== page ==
Purple Pals gets students, their children involved

When deciding which university to attend, many students consider campus perks. These might include dorm quality, what the food on campus is like and the social atmosphere.

A quality many nontraditional students might consider is how they might be able to spend time with their children.

Purple Pals is a club for children of Weber State University students. Children 17 years old and younger are eligible.

Debbie Cragun, the coordinator for the Nontraditional Student Center, started the club two years ago. She said she started the club for two reasons: to give student-parents time to spend with their children, and to help those children feel comfortable and connected with a university early in their lives.

“It’s kind of twofold. So the parents do benefit; they get to spend time with their kids,” Cragun said. “It is for students; I don’t want people to think, ‘Well, it’s just for kids.’”

Cragun said she hopes children will see their parents attending school and want to follow that example.

Brenda Smith, a sophomore studying health promotion, goes to school full-time and has four children. All of her children have been Purple Pals. She said she tells her children that, through Purple Pals, they are part of WSU and can consider it their school.

Cragun said if the club’s participants are on campus several times per semester, hopefully the campus won’t be as intimidating for them.

Stephanie Saffell-Wilkinson, a WSU student working on general education courses, said she absolutely loves Purple Pals. Her three children are all members.

She said many student-parents don’t have a lot of time or money for extracurricular activities, which is where Purple Pals comes in. She said her children enjoy the activities and it is encouraging to them to be on campus for different events.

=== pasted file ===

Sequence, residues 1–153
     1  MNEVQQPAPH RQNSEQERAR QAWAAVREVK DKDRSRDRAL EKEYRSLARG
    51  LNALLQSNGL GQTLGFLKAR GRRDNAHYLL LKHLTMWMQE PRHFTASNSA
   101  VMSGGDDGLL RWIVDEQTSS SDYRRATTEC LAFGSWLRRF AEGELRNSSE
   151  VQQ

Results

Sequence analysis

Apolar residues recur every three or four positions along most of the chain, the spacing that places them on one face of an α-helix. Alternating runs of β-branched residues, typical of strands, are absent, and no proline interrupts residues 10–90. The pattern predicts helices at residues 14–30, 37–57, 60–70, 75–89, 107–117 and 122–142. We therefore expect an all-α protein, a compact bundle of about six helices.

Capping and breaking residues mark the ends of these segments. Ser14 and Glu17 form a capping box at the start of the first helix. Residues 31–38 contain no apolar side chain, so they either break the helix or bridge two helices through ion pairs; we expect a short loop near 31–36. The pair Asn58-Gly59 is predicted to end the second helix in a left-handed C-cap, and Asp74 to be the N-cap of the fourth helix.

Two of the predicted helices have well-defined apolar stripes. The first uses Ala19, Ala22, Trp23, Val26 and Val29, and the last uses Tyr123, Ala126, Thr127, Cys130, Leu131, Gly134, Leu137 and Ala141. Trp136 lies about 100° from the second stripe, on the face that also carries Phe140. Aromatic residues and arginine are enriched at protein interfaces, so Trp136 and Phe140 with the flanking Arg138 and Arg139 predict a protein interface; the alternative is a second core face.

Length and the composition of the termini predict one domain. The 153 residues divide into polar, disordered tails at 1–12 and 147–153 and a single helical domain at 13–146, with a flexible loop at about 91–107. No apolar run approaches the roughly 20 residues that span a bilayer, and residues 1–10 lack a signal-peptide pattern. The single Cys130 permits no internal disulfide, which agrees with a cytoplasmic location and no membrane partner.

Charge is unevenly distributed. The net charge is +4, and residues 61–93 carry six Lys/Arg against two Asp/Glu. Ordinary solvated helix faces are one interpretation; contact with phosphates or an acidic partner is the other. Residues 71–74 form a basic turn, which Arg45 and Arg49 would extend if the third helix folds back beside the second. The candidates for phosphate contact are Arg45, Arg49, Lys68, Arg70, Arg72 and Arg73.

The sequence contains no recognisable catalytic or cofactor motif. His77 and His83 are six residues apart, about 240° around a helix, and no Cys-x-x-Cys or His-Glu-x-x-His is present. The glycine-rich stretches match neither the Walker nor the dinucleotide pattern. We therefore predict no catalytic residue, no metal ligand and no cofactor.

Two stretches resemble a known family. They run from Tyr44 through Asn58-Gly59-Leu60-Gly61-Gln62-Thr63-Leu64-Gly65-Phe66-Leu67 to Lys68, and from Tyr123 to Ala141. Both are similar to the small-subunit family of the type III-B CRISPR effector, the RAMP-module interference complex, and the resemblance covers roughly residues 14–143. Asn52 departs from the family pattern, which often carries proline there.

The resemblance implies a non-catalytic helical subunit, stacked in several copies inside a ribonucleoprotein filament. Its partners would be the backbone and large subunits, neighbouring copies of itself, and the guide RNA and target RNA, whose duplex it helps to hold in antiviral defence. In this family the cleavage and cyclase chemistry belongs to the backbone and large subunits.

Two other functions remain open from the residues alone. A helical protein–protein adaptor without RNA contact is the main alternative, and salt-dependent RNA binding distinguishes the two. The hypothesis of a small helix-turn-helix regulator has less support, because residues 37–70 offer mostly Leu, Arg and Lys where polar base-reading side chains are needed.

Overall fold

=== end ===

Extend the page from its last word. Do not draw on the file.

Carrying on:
An annual fee of $5 is required to join Purple Pals. Each member receives a T-shirt, a free game of bowling and free play of one arcade game at Wildcat Lanes, a “Fun Pack,” and access to special activities on campus with their Purple Pals ID.

“Really, the $5 annual fee — the T-shirt’s worth more than that,” Smith said.

Each year, each member is also mailed a birthday card that includes more free games of bowling and a small soda from Wildcat Lanes.

On the WSU Nontraditional Student Center activities calendar for fall 2012, some activities are marked with wildcat paws. These signify special events or opportunities for Purple Pals.

“So it’s a great opportunity just to have the kids feel like they’re part of my education and that they’re still important, although I’m a college student,” Saffell-Wilkinson said.

Each semester, Purple Pals plans two big activities for its members. Last year, the club went to Get Air, a trampoline park in Roy.

Saffell-Wilkinson said it would normally cost her family $40 to do this activity, but Purple Pals got to do it for free. Another trip to Get Air is planned for this December.

“The hopes of our Purple Pals kids club is to include our students’ children in their experience with school and hope that they get them excited to start college when they become the age,” Smith said.

Cragun said she hopes to survey Purple Pals participants in coming years to measure the club’s effectiveness; she said she wants to know not only how many Purple Pals will have attended college, but how many stayed and graduated. She said her hope is that Purple Pals will choose to attend WSU.

The club also hopes to include more academic programming. Cragun said she encourages other departments at WSU to get involved with Purple Pals so children can participate in different activities.

“Any way we can get not only the kids, but their parents involved in the university as a whole, I would support and look for people to kind of encourage that,” Cragun said.

Purple Pals is also available at the Davis campus.

Saffell-Wilkinson said her children originally planned on attending other universities, but, since joining Purple Pals, they want to be WSU Wildcats.